The days of employees’ unfailing loyalty toward their employer are long gone. Workforce mobility is now the norm, and companies must consequently manage and protect trade secrets.
Workforce mobility is constantly on the rise and it reminds employers that, in many cases, their employees’ know-how figure among their company’s most significant assets. This realization is accompanied by an important consideration, namely that employers must constantly remember that their company could suffer should an employee choose to leave them and work for a competitor.
Indeed, the times when employees refrained from joining the ranks of a competitor by virtue of their unfailing loyalty toward their employer are long gone. Workforce mobility has now gone from the exception to the norm, and employers must consequently manage and protect their trade secrets.
Courts have recognized the fundamental value of the corporate assets that are trade secrets, as well as the corollary obligation of employees to respect their confidential nature.
Labour laws will generally define trade secrets as a form of confidential information to which an employee may have access within the scope of their duties. However, not all confidential information constitutes a trade secret. For example, a trade secret is a secret manufacturing formula or process that is unique to the employer and that was revealed in secrecy to the employee for the sole purpose of having the latter manufacture whatever it is that can be made with this secret. Chemical formulas, recipes or manufacturing processes that require one to know the exact quantities of the products used in the manufacturing, how to use them so that the desired reaction may be achieved and the degree of temperature required to induce the intended reaction can also be considered as trade secrets.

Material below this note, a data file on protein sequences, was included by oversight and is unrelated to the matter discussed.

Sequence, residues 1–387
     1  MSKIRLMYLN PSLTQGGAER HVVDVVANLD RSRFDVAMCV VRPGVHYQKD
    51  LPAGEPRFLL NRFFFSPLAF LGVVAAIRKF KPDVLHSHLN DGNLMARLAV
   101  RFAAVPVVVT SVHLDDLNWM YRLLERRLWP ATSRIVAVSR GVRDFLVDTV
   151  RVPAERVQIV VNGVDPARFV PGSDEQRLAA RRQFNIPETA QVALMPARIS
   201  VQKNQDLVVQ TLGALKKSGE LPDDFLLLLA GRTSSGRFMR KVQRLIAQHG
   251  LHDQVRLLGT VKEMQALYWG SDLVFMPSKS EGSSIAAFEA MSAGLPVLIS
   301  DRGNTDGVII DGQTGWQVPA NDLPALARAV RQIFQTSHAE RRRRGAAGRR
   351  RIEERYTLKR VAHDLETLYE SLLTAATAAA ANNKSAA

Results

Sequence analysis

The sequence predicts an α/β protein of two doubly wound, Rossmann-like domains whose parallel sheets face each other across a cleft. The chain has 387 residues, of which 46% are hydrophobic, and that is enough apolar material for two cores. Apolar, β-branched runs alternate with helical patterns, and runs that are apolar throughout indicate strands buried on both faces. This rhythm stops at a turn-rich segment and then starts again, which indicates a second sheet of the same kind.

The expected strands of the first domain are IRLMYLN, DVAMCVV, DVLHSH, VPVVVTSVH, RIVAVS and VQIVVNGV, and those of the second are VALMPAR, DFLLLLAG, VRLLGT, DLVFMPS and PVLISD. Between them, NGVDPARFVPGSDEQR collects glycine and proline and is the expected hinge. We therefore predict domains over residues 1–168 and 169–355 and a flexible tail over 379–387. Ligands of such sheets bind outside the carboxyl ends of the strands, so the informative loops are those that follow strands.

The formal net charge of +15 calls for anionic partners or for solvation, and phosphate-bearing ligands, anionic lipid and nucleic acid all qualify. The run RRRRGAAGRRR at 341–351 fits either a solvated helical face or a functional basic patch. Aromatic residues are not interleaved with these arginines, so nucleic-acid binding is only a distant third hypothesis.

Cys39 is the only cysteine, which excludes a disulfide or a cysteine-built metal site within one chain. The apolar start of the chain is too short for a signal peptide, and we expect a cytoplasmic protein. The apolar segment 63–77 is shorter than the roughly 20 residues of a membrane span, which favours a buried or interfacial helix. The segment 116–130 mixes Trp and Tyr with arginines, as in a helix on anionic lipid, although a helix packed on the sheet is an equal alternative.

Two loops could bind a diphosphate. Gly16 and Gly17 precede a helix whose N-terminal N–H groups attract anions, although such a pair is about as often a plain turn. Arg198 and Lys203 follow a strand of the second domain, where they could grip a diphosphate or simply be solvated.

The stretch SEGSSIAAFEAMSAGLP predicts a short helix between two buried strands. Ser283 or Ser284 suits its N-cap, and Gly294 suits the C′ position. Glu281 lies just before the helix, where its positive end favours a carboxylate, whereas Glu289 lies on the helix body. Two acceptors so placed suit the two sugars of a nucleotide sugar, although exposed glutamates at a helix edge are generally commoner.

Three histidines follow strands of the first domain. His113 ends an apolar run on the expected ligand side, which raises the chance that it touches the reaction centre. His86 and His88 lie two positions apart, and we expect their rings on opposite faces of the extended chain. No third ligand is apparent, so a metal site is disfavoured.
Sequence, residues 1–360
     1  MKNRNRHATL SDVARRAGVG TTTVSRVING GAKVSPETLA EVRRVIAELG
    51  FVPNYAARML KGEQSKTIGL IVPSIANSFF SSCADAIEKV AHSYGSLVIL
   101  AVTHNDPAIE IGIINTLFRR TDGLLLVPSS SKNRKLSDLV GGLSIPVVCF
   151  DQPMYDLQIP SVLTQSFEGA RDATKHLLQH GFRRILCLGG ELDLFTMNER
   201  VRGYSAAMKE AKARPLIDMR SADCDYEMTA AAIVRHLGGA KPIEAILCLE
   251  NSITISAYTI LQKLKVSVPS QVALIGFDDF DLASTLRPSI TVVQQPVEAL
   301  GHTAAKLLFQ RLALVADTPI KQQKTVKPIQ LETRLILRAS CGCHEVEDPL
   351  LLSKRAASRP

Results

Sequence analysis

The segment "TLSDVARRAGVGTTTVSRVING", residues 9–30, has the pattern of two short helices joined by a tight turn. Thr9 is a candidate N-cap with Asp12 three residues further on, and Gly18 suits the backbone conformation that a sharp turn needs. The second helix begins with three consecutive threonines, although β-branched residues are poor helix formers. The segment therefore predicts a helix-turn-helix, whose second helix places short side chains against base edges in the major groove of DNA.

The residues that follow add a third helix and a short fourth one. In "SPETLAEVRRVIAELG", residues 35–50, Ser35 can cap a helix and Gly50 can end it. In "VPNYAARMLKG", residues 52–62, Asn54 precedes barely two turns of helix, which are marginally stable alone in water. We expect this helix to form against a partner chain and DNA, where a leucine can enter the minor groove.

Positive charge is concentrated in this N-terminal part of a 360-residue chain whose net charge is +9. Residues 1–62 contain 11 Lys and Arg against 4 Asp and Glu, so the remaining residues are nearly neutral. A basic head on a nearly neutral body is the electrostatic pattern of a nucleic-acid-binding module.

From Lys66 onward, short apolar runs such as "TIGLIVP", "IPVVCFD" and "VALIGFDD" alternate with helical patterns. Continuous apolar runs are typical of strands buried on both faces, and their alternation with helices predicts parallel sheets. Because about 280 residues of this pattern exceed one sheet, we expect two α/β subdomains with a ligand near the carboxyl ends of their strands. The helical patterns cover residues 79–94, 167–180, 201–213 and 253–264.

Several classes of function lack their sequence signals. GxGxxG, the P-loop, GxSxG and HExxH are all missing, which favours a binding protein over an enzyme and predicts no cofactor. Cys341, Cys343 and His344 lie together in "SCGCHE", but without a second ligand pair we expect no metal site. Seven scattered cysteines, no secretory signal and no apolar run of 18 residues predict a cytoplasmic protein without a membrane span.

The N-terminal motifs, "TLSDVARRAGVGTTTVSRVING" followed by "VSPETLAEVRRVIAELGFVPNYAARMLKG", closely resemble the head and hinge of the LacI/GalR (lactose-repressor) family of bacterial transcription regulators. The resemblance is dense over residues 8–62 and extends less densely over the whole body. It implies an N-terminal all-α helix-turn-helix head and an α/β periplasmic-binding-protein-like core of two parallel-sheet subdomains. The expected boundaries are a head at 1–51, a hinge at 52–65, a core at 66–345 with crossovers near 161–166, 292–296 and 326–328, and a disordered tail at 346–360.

In a larger sense, confidential information, such as unpublished financial statements, client lists, marketing strategies and internal memos regarding upcoming transactions or business opportunities can also be somewhat protected. However, employers should be aware that not all practical information that pertains to a company and that may be useful to one of its competitors will be deemed as confidential information:
“The methods used to compete against a competitor are not in themselves confidential information if they do not include characteristics that are absolutely specific and unique to such company and if no measures were taken to treat them as such. “[Translation]
In order to protect the corporate assets that are trade secrets, it is in the best interest of employers to do all things necessary to eliminate any doubt—for the employees who have access to the trade secrets and for the courts seized with a dispute regarding their disclosure—that they are indeed trade secrets. Many elements will be analyzed by the courts in order to recognize the existence of a trade secret:
- The extent to which the information is known outside the company;
- The extent to which the information is known by employees and other individuals implicated in the company;
- The extent of the measures deployed to protect the secrecy of the information;
- The value of the information for the owner of the trade secret and for their competitors;
- The amounts invested in the development of the information;
- The ease or the difficulty with which the information can be correctly acquired or reproduced by others;
- The extent to which the owner of the trade secret and the employee to whom it was disclosed treat the information as secret.
Protection of confidential information and secrets
Ideally, an employer concerned with protecting their trade secrets should make all employees who have access to them sign a confidentiality agreement or a non-disclosure agreement. The signing of a non-competition clause may also be appropriate, namely in cases where employees who, due to their position, gain a certain access to the company’s trade secrets such that if they left the company to join a competitor, the employer would suffer significant or even irreparable damage.
By definition, a non-competition clause is a clause by which an employee commits, should they leave the company, to not work independently or for another employer in the same field as their former employer.
Section 2089 of the Civil Code of Québec (“CCQ “) stipulates the conditions that any non-competition clause must satisfy in order to be valid and a source of obligation: